Speaking of salvation, from the sight of things as I see it, it is quite possible that many present day non-Catholic Christians who are fervent believers in, and practitioners of, the teachings of Jesus will get to heaven before the throngs of wishy-washy, nominal Catholics who only show up to the church doors for infant baptism, the taking of marriage vows, and their own funeral. Of course, I don’t know who will be on the other side of the pearly gates, but I believe, with the Pope, that there is more to the challenge of personal justification and salvation than calling oneself a Catholic — or a Christian, for that matter. God works everywhere and in mysterious ways, and if we respond generously to him in as much as he reveals himself to us, I believe his grace will be sufficient. In this most recent document, the Pope puts this principle like this:
“It is possible, according to Catholic doctrine, to affirm correctly that the Church of Christ is present and operative in the churches and ecclesial Communities not yet fully in communion with the Catholic Church, on account of the elements of sanctification and truth that are present in them…”
The Pope, along with all Christians, believes salvation comes from belief in and acceptance of Jesus Christ as one’s personal Lord and Savior, as the only mediator between God and man. The Bible says as much. But in this document, Pope Benedict also affirms the long-standing doctrine of the Catholic Church that Jesus chose to work out this plan of salvation through his Church, under the direction of his 12 apostles and their successors (bishops in communion with the Pope):
“Jesus established here on earth only one Church and instituted it as a visible and spiritual community that from its beginning and throughout the centuries has always existed and will always exist, and in which alone are found all the elements that Christ himself instituted. […] This Church, constituted and organised in this world as a society, subsists in the Catholic Church, governed by the successor of Peter and the Bishops in communion with him.”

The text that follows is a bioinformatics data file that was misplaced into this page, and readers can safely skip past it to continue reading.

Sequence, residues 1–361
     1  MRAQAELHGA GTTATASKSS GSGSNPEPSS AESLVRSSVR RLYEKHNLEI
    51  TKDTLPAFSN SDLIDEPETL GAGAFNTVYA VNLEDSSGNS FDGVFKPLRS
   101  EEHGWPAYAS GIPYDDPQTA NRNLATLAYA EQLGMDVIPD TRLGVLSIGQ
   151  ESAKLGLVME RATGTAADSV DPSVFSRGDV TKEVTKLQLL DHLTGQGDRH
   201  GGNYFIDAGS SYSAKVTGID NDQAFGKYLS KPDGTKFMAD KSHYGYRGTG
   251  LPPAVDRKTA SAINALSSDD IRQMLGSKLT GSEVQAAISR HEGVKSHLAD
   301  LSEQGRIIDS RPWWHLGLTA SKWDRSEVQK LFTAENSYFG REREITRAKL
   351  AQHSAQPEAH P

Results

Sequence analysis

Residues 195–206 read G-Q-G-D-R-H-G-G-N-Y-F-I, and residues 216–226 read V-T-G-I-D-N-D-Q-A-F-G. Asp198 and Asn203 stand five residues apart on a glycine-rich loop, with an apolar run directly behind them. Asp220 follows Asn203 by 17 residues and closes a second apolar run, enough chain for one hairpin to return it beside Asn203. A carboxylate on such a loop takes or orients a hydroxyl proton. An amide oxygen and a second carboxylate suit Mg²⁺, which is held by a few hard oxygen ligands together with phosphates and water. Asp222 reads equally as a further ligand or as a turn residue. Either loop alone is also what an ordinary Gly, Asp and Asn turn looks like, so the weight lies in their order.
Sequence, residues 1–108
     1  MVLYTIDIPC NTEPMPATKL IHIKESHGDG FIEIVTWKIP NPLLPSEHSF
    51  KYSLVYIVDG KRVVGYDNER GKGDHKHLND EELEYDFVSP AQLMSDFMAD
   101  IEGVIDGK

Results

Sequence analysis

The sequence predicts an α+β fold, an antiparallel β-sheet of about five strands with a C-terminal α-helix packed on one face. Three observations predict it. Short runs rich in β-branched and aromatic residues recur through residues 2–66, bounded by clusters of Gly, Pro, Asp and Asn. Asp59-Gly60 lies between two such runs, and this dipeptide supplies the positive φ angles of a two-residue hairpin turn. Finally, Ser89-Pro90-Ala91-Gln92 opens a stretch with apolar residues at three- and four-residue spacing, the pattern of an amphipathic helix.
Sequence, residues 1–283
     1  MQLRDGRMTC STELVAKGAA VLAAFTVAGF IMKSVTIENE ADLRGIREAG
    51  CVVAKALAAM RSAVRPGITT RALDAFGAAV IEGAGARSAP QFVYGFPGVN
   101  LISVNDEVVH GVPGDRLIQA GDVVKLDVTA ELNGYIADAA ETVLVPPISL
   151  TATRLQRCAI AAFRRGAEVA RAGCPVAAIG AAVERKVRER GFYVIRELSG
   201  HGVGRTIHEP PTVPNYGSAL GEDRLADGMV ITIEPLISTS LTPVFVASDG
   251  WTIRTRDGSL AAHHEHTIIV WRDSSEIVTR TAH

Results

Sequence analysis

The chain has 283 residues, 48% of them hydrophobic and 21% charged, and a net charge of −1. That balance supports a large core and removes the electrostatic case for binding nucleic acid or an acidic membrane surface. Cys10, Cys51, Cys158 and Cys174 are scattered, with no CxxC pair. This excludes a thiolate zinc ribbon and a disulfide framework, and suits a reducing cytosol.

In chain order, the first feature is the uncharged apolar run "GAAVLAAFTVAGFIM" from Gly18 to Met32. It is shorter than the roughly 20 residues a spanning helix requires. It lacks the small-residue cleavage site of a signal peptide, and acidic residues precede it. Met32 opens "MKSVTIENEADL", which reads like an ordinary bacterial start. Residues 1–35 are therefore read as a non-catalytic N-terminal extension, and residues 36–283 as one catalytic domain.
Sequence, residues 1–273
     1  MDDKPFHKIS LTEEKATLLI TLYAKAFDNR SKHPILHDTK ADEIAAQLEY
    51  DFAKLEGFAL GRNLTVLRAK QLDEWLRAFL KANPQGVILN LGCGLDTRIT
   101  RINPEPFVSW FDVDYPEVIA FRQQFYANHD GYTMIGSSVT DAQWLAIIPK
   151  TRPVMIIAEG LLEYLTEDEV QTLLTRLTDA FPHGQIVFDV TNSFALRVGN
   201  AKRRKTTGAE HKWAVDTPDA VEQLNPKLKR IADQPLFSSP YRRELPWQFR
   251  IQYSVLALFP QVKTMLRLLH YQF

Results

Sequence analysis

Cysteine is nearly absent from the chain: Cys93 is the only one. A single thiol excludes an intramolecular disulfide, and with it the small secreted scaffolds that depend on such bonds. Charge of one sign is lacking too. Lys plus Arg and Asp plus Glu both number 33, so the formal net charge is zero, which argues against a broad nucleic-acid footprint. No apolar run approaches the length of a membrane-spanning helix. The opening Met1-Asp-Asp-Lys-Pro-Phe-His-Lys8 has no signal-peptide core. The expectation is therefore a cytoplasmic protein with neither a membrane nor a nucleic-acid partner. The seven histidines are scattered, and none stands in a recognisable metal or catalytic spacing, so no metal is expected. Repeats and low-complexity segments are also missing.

The Pope believes not even the imperfections and sins of some Catholic leaders in the past and present (we could all enumerate many) have been able to eliminate the “apostolic succession” (or authority received from Jesus, as head of the Church) passed on from the apostles to the bishops.
Should we be surprised that the Pope thinks the Catholic Church was established by Jesus Christ and is the one, true Church? No, after all, if he thought the Methodists, Baptists, or any of the other thousands of Christian denominations were right, he would have joined up long ago, and he certainly wouldn’t be Pope. But he doesn’t see the unapologetic expression of theological differences as a barrier to friendship, respect and brotherhood. Have you noticed, that a false sense of tolerance has made it now almost impossible to say, “I think I’m right,” without being called a bigot?
Steadfast belief in true religion is never the cause of uncivilized discord or war. Religious conflict is the work of insecure people who feel they must take up violence to defend their own position of weakness, instead of trusting in the power of God to work out his plan, in his time. They abuse God’s name in the process.
The headlines you and I have seen in reference to this document sound “retro” and “intolerant” because contemporary society is not used to hearing people like Benedict XVI express strong personal views, in a respectful and reasonable way, as an overture to honest dialogue. The Pope is keenly aware that thousands of other denominations think they’ve understood Jesus’ intentions better than him. He is hoping to hear them say it, and explain their reasoning, as he has done in this most recent document.
Here’s a hint to understand Pope Benedict: he’s a German academic by trade. He says the same things as the late Pope John Paul II, but instead of using camera angles and international voyages to tell his story, he most often uses a pen, behind which, he feels most comfortable, and perhaps most effective. The new approach will take a while to get used to, I admit, but it may be exactly what a world now unfamiliar with dialogue needs in its present crisis of truth.
God bless, Father Jonathan
P.S. As is usual, on Friday I will post some of your responses to this article.